Stuff that matters

where the sidewalk ends

There’s finally a tool for navigating cities that puts people before cars.

Have you ever found Google Maps leading you, a pedestrian, on the steepest possible route from Point A to Point B? For many of us, it’s an annoyance — but if you’re in a wheelchair or pushing a stroller, that route might have proved impassable.

To address the need for a travel-planning tool based on accessibility and sidewalk conditions, a team at the University of Washington created AccessMap. It uses open-source data to customize routes to an individual’s needs, accounting for obstacles such as steep hills, blocked-off construction zones, and sidewalks without sloped curbs.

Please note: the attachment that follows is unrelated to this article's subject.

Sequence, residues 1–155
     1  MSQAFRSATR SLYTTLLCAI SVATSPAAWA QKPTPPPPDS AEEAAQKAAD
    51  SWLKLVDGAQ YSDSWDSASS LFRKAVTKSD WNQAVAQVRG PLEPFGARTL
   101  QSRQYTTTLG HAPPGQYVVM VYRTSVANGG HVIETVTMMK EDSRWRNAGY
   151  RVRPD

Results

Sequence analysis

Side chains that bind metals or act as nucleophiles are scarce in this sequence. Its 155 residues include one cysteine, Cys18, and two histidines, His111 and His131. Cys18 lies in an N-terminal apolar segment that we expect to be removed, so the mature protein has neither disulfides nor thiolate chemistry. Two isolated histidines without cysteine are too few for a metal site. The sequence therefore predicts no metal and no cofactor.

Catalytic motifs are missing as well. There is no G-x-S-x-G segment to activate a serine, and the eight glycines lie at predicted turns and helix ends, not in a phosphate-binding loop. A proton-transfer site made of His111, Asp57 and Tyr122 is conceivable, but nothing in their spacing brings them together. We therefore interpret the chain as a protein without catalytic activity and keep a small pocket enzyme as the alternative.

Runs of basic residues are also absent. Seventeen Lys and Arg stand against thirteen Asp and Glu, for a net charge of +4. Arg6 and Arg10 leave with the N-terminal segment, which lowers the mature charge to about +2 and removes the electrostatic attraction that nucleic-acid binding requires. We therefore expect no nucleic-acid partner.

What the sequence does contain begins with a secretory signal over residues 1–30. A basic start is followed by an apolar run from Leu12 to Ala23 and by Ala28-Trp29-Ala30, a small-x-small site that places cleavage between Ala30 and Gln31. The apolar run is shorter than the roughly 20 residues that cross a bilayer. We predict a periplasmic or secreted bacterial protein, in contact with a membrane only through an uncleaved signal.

There’s a catch, of course: AccessMap is only available in Seattle at the moment. The team has created the OpenSidewalks project to allow people in urban areas to crowdsource real-world conditions for pedestrians — everything from uneven sidewalks to the presence of inadequate street lights.